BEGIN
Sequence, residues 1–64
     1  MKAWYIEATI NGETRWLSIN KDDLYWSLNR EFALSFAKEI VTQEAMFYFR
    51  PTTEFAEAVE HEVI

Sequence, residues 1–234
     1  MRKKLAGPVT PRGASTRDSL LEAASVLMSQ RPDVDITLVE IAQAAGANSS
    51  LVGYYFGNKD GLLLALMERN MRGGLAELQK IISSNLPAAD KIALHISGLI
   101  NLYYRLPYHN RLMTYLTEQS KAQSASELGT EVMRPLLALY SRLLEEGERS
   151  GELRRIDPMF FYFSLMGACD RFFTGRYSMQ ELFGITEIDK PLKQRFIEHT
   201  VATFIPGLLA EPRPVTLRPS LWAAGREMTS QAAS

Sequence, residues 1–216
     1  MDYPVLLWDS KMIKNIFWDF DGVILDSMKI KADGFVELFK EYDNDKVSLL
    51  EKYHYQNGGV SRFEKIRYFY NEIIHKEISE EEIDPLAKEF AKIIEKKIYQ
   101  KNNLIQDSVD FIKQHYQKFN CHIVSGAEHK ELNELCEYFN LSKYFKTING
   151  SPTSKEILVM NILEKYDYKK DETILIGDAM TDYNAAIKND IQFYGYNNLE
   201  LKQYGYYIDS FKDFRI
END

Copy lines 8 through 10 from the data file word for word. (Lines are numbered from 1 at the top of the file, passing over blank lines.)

   151  GELRRIDPMF FYFSLMGACD RFFTGRYSMQ ELFGITEIDK PLKQRFIEHT
   201  VATFIPGLLA EPRPVTLRPS LWAAGREMTS QAAS

Sequence, residues 1–216